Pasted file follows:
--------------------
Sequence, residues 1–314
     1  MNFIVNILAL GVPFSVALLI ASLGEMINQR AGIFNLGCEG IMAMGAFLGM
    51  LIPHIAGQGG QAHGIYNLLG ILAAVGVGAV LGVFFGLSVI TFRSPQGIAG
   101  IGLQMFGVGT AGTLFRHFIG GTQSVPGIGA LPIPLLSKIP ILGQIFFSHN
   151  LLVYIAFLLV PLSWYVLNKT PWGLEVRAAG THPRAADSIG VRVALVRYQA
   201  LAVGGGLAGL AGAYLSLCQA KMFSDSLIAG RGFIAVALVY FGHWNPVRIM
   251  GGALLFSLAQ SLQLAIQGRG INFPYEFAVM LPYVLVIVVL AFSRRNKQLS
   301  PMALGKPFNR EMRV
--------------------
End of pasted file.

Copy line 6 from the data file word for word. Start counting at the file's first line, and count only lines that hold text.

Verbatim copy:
   201  LAVGGGLAGL AGAYLSLCQA KMFSDSLIAG RGFIAVALVY FGHWNPVRIM